Struggle Of Will (part 1): An End Before a Beginning takes the reader from the moment the couple could no longer hear a heartbeat, through their delivery, minute by minute, as if the reader is alongside them the entire journey. This is a tragic story of loss and recovery, with a beautiful love story mixed in. This true story will flood the reader with love through humor and pain, raw emotion and perhaps a little victory alongside the writer in her hours of turmoil. Every word is true and real. Erika exposes every thought and is honest and open about her feelings, fears, anger and sadness. In the book she also talks about her faith and in trying to understand how “bad things happen to good girls. After all, I was a preacher’s daughter. I was a good girl. In my little mind, things like that did not happen to good people, until it happened to me.”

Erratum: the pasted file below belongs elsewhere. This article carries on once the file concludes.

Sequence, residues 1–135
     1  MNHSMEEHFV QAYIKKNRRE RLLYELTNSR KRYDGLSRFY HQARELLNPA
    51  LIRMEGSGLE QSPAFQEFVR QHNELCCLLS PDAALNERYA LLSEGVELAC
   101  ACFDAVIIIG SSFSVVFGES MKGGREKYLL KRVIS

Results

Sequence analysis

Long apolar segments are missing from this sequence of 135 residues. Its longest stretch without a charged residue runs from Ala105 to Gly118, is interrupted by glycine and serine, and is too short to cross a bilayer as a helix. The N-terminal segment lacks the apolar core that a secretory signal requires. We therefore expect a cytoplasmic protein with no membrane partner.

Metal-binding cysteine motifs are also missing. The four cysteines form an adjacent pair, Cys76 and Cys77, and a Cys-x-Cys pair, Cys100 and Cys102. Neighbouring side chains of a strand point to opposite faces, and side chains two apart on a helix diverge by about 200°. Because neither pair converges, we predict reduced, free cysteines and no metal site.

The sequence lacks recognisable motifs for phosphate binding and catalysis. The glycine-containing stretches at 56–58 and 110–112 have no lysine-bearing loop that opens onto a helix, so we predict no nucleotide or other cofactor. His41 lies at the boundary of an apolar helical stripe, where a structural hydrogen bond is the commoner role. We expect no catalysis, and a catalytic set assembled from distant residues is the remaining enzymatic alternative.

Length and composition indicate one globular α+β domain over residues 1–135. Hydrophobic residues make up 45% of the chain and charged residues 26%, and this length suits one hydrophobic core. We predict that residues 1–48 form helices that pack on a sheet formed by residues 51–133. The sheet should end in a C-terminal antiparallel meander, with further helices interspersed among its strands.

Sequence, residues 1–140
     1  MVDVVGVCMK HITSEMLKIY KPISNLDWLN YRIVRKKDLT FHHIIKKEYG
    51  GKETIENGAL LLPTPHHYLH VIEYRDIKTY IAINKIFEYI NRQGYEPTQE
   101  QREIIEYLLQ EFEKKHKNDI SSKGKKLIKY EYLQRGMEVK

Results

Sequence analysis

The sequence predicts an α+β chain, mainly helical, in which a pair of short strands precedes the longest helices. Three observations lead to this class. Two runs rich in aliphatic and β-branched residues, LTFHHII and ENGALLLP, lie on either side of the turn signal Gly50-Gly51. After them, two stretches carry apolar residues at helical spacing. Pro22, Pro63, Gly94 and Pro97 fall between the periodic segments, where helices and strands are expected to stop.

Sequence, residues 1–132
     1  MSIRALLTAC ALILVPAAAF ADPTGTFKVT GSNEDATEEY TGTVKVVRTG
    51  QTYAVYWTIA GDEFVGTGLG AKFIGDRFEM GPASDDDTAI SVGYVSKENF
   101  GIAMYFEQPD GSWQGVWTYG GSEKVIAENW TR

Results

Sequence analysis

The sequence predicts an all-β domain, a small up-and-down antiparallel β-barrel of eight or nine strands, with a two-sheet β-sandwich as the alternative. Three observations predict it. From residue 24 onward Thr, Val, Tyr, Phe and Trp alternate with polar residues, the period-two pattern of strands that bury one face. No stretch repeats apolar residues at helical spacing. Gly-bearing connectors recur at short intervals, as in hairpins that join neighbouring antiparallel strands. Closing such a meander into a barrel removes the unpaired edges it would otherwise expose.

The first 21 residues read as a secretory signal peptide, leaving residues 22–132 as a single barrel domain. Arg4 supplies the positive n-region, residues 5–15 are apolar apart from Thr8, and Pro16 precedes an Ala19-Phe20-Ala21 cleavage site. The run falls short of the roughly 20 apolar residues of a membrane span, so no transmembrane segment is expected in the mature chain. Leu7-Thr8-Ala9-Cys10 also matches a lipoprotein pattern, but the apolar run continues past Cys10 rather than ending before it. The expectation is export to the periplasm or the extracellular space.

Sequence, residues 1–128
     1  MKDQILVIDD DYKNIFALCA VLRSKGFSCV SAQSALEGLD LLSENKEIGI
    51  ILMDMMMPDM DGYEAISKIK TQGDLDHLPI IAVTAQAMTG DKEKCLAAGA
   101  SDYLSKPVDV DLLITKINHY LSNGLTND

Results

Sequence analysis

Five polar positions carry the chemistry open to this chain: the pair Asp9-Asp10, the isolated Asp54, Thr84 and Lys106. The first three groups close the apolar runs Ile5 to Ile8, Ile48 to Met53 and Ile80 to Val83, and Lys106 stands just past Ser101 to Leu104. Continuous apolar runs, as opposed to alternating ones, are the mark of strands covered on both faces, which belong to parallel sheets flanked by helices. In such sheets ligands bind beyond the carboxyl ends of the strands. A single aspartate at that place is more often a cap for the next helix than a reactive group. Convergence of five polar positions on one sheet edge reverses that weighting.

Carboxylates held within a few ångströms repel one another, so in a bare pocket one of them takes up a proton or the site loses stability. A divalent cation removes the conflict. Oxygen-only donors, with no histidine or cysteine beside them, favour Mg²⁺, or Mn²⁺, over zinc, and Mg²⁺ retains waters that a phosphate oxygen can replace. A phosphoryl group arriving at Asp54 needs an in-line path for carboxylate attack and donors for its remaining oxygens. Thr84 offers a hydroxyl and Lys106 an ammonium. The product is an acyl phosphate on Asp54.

The book is also one of hope. In sharing their story, both Kip and Erika desire that it encourages someone else who might find themselves doubting their faith, questioning God, or even at the end of their rope. “Nearly every person we told our story to responded the same way: ‘Yeah, my Ex and I went through that.’ Or, ‘my sister and her Ex suffered from a stillborn.’ It was always someone and their ‘Ex.’ And one of the first things I read from the stack of materials given to us was how most families don’t survive a tragic loss like that. It was like it was OK to let the loss of a child tear your entire family, your life apart. We had already lost a child. I didn’t want the rest of our story to be one of more loss. I didn’t want that one event to define us. I wanted our story to be one of hope. It wasn’t easy. But we survived – as a couple, as a family, together. In writing it all down and sharing it, we pray others can too!”